THE ILOILO City council has declared the transport hub inside Megaworld Corp.’s Iloilo Business Park legal based on local regulation and as confirmed by the legal office. Two transport groups have questioned the transport terminal as well as the operation of point-to-point (P2P) buses to and from the Iloilo International Airport in Cabatuan, a town just outside the city. “It must be emphasized that the operation of the Megaworld Transport Hub was clothed with legal color by virtue of Regulation Ordinance No. 2019-110. This ordinance has binding effect, general application and presumed valid, unless and until there is contrary pronouncement from the proper authorities as to its invalidity or what it is repealed or amended by subsequent legislation by Sanggunian (council) concerned,” said Councilor Rommel D. Duron in a committee report released on Tuesday.
Mr. Duron, chair of the committee on transportation, energy, and public utilities, said they also sought the opinion of the City Legal Office (CLO) on the matter. “We referred it to the City Legal Office (CLO), the opinion of the CLO is it is legal and valid. The city council can amend the ordinance they previously approved or even repealed… we adopted their opinion in our committee report,” he said.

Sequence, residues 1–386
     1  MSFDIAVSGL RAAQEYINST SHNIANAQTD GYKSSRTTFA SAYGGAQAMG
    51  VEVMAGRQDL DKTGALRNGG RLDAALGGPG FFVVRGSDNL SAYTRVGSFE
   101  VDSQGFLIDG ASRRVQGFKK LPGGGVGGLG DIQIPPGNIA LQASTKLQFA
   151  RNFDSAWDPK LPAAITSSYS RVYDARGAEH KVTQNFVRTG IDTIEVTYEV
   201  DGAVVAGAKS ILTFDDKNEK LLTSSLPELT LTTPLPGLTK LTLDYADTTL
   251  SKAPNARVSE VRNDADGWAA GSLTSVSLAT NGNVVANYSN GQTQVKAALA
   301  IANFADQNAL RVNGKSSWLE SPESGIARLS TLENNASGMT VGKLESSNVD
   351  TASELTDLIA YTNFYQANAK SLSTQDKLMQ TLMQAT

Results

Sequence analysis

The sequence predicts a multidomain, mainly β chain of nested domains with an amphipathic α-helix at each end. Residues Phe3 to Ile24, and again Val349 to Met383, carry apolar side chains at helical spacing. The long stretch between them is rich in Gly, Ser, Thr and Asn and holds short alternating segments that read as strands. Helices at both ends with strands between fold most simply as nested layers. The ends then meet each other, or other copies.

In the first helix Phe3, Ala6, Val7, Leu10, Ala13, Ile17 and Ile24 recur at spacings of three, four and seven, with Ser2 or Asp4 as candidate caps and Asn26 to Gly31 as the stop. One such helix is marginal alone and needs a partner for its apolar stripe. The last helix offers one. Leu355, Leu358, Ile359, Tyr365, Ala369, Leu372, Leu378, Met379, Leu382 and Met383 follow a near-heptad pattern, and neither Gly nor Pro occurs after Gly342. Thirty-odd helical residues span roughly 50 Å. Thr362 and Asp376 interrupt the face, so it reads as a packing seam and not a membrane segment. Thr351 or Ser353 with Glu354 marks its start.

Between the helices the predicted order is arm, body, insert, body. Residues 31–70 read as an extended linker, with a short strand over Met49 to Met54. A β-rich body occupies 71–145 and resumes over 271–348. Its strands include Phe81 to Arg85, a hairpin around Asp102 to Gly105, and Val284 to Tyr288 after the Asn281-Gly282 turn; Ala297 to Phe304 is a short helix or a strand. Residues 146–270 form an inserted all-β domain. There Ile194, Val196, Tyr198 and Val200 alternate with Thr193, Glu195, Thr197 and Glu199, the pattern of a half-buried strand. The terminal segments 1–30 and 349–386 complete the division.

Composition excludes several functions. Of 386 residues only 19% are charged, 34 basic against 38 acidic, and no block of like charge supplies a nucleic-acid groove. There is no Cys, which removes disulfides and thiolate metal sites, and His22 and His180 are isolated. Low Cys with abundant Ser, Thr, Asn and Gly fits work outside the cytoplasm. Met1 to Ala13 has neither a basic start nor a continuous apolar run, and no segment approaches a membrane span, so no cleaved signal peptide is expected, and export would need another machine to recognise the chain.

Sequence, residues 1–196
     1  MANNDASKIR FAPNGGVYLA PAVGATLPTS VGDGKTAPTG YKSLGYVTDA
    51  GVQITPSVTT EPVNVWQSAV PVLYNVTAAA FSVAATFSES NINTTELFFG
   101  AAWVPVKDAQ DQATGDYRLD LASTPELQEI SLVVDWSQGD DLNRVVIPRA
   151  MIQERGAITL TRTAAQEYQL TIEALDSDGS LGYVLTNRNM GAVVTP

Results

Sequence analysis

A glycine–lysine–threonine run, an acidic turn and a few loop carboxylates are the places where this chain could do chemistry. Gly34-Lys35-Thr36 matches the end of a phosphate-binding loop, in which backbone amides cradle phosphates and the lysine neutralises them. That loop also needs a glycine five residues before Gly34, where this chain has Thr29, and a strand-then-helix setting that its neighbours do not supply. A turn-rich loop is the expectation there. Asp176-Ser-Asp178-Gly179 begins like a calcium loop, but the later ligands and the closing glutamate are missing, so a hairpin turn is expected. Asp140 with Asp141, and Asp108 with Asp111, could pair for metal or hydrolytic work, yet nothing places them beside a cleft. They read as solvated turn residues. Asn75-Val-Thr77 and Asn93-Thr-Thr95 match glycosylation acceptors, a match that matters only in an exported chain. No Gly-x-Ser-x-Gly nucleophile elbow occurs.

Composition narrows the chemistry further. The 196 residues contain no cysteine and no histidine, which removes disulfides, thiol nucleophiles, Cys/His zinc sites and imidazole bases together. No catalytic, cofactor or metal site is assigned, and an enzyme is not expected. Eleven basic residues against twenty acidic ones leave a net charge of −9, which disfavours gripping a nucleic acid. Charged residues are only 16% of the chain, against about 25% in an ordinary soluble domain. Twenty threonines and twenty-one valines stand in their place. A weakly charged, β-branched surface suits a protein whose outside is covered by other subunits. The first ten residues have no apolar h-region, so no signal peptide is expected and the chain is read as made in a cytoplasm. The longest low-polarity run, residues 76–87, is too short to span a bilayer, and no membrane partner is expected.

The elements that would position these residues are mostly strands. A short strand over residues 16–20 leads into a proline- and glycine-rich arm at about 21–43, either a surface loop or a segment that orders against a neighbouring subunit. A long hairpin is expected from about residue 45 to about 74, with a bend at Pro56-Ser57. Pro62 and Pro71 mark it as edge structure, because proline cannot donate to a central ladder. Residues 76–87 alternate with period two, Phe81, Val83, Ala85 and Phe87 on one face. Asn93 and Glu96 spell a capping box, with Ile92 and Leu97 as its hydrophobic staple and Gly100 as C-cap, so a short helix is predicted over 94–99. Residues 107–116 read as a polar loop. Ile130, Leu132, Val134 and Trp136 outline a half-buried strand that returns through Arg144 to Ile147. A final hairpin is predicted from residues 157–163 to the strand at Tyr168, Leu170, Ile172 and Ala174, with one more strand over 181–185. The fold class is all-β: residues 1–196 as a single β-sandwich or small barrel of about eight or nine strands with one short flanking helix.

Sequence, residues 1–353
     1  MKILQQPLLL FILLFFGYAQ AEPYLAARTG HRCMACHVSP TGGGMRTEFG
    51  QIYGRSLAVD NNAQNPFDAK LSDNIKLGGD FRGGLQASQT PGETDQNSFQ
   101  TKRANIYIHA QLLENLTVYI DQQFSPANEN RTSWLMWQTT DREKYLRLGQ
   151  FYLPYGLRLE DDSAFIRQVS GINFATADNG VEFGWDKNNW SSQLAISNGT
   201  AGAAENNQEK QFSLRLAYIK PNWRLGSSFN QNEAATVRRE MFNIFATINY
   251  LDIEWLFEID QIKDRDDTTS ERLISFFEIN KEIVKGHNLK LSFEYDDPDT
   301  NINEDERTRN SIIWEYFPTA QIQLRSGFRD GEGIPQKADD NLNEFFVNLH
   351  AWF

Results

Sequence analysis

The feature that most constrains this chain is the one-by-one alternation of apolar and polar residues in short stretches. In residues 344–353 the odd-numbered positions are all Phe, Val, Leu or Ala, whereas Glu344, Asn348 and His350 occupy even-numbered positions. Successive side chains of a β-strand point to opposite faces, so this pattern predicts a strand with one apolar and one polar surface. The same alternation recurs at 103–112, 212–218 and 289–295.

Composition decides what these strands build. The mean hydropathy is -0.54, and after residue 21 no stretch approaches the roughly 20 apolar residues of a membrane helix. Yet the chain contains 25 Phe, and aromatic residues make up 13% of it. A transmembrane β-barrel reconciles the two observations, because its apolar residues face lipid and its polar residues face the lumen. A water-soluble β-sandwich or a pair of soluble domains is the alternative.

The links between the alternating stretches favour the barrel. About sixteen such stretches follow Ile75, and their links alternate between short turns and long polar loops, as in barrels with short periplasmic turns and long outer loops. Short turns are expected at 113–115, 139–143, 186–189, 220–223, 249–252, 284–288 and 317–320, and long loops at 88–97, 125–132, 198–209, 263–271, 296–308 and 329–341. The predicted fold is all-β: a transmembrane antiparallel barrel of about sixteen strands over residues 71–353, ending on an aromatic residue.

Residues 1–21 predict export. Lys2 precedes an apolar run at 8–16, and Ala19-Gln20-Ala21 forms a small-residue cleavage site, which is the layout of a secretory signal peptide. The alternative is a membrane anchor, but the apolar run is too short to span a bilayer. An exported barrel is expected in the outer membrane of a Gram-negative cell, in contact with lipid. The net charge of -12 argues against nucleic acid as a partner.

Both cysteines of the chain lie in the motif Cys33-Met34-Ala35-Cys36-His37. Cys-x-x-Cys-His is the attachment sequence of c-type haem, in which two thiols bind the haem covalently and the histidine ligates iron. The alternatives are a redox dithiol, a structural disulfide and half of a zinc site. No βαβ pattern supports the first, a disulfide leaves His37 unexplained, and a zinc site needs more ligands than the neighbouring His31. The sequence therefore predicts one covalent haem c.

The New Iloilo Airport Transport Association and Association (NIATA) and the Association of Taxi Operators in Panay (ATOP) earlier submitted opposition to the provisional authority granted by the Land Transportation Franchising and Regulatory Board (LTFRB) to Southwest Travel and Tours to operate three routes: Iloilo City to Iloilo International Airport; Iloilo City to Caticlan; and Iloilo City to Kalibo. NIATA and ATOP said the license granted to Southwest Tours violates the Perimeter Boundary Ordinance of Iloilo City, which mandates the control and regulation of the entry of public utility jeepneys, cargo vans and buses from other parts of Iloilo province and other neighboring provinces. “(The) Perimeter Boundary Ordinance was passed to decongest the traffic, but current P2P cannot directly cause traffic because of their limited frequency, but if they do so, we will still regulate it in the council,” Mr. Duron said. The councilor said the transport groups can “go to court” if they do not agree with the committee report. “(B)ecause of the fast development here, what we are trying to do is to balance the interest of the investors and the public welfare,” he said. — Emme Rose S. Santiagudo